Lengthen a Primary Key–#SQLNewBlogger

Another post for me that is simple and hopefully serves as an example for people trying to get blogging as #SQLNewBloggers.

I saw a post recently where someone needed to increase the size of a PK and was getting a table rebuild message in SSMS. This is short post to show that isn’t required.

First, let’s create a table and give it some data. Note that the PK is set to a specific size.

CREATE TABLE dbo.Document
, DocumentName NVARCHAR(200)
, DocumentDate DATETIME2
INSERT dbo.Document
       , DocumentName
       , DocumentDate
     (N'ABC23', N'Something very interesting', '2019-01-02'),
     (N'QNI43', N'An adventure you admire', '2019-02-02'),
     (N'MNT33', N'Magnets describing life', '2019-03-04'),
     (N'DEF25', N'Time for nothing', '2019-03-12'),
     (N'HIJ54', N'Dreams of the dark', '2019-04-17')
SELECT top 10
  FROM dbo.Document AS d

If I try to insert data that’s larger, I’ll get this message:

2019-04-16 08_58_43-SQLQuery10.sql - Plato_SQL2017.sandbox (PLATO_Steve (53))_ - Microsoft SQL Serve

In SQL 2019, I’ll get a better error, but for now, this shows me a limitation of my key.

Now I’ll increase the size of the key. I use the ALTER TABLE … ALTER COLUMN statement.


Now, I’ll run my failed insert again:

2019-04-16 09_00_00-SQLQuery10.sql - Plato_SQL2017.sandbox (PLATO_Steve (53))_ - Microsoft SQL Serve

As you can see, I can increase the size of the PK without rebuilding the table. Making it smaller is a post for another day.


This was a quick repro I set up to answer the question for myself and others. I thought I could do this and spent five minutes proving it.

The longest part of this post was the test data. You could do the same thing, maybe showing how this relates to a child table as well. In fact, start today and you might beat me to creating that post.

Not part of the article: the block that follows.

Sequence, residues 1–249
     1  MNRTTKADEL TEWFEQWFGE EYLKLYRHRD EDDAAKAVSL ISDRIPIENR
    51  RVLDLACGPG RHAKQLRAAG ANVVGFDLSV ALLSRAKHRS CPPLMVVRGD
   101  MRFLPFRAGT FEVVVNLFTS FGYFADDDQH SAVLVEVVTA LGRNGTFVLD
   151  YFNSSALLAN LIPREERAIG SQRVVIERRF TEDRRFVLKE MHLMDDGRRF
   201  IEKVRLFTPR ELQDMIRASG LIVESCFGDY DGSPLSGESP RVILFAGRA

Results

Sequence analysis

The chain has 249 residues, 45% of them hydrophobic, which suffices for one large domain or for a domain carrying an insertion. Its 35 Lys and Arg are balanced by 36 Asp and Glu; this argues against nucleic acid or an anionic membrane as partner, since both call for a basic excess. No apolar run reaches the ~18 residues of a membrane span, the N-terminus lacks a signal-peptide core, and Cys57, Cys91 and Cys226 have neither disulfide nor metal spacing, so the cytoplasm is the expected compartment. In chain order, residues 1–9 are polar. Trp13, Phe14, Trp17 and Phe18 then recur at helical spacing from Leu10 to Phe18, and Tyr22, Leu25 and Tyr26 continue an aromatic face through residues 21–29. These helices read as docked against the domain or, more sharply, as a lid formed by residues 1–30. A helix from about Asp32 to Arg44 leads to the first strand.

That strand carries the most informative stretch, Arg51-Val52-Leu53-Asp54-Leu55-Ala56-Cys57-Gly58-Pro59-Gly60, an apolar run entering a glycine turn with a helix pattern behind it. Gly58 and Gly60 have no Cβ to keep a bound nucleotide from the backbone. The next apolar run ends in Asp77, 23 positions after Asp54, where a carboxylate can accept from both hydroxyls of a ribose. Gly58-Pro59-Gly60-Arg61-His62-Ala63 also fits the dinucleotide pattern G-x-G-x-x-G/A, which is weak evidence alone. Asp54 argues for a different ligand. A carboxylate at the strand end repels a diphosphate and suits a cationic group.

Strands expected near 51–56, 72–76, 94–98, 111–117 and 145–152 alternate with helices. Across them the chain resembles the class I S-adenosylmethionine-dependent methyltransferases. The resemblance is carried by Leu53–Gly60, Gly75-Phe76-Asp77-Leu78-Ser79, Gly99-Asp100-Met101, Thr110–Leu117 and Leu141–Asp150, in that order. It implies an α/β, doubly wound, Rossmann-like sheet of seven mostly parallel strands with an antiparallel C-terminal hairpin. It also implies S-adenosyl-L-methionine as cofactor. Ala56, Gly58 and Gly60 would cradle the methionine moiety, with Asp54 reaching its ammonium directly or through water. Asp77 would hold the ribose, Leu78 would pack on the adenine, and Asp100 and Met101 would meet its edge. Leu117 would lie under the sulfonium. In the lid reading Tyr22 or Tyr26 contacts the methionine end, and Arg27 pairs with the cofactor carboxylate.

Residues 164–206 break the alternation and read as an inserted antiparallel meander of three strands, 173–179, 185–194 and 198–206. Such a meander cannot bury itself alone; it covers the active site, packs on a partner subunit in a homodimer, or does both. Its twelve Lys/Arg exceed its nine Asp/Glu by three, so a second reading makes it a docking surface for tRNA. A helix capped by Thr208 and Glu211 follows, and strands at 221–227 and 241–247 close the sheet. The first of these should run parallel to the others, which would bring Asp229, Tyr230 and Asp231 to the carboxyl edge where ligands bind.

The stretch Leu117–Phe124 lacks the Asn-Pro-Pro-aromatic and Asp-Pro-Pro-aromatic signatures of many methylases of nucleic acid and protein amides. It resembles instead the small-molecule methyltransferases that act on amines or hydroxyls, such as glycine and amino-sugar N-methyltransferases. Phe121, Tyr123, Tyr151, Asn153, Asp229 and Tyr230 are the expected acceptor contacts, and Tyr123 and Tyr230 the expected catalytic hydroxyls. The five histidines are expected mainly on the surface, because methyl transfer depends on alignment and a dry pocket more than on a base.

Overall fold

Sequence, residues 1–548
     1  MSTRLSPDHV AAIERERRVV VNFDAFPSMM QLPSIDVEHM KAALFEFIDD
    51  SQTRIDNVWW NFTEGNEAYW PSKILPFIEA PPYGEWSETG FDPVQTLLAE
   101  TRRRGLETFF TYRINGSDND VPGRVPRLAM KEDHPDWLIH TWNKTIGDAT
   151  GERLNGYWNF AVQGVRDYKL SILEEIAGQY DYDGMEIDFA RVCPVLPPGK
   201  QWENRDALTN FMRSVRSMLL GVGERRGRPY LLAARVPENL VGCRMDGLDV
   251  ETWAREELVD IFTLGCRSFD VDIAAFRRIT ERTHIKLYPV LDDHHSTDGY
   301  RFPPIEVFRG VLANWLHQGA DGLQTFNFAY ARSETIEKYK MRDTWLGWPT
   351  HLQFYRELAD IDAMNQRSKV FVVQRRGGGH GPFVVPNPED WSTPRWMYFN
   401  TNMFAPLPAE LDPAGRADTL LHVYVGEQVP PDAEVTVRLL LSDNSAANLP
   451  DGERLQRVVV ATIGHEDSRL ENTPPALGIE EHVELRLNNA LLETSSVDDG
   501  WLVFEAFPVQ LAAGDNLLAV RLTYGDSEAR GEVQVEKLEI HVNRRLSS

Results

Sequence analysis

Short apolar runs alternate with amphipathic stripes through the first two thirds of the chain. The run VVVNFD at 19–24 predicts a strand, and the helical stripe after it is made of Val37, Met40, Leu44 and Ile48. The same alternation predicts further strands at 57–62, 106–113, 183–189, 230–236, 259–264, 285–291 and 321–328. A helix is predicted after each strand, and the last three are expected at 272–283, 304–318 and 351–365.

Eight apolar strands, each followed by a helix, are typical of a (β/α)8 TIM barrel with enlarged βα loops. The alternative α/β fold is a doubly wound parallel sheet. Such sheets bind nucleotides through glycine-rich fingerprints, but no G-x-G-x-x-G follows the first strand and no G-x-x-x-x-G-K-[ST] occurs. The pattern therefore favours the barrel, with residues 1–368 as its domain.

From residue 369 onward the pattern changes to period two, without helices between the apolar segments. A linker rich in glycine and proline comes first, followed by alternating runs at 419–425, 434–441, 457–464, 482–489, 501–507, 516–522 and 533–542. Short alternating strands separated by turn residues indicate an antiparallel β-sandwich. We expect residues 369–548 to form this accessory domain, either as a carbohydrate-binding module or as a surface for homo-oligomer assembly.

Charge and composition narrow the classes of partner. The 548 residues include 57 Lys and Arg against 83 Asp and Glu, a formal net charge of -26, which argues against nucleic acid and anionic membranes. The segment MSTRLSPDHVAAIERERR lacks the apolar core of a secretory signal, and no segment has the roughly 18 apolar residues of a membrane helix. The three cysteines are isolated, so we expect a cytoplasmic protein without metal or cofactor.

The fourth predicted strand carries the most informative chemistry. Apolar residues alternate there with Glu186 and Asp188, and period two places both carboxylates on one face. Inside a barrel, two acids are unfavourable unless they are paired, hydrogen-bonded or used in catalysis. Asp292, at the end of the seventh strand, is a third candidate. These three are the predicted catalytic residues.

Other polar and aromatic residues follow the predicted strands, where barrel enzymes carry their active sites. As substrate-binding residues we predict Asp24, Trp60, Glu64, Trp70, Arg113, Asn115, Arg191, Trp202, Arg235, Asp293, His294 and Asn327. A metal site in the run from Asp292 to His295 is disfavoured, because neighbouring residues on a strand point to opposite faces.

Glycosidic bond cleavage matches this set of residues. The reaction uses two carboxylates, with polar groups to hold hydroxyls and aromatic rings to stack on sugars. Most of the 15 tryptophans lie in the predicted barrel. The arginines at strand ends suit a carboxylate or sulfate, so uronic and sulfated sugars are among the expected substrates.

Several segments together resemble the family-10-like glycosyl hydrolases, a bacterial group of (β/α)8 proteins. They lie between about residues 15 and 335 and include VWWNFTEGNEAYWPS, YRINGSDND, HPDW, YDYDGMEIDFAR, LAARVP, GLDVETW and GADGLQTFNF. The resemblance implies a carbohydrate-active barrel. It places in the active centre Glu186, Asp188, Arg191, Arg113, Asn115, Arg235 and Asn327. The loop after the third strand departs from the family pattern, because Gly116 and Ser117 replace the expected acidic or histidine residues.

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Capturing the Application Time

I’ve always thought that any times we recorded in a row were related to the actual data itself. Almost all of the time I’ve built software, we’ve assumed that the time a row is written or updated is the time we need to record as a timestamp. This works great for many applications and it certainly simplifies programming when the database can capture the time. System versioned tables are a great example of where we use time in the database as the time of record.
Over the years we’ve started to build more distributed applications that reach a widely dispersed audience. With the Internet today, it’s entirely possible that a row inserted by one user takes place in time zones far away from the next row inserted by a different user. What may be more confusing is that I may insert a row in GMT/UTC, but then update that row a day later in the Mountain Standard Time time zone. In fact, that’s something I’ve done.
The complexity of time in an application means that we can’t assume we know how best to capture or store time. While I think system versioned tables are a great addition to SQL Server, they are an incomplete one. We need the ability to use these tables with some sort of application time marker, not just the database server time.
This week I’m wondering how many of you might feel the same way. How many of you need to capture application time separately from the system time? Do you do that now, with some bespoke system? Perhaps you wish you could and this is a feature your system is missing.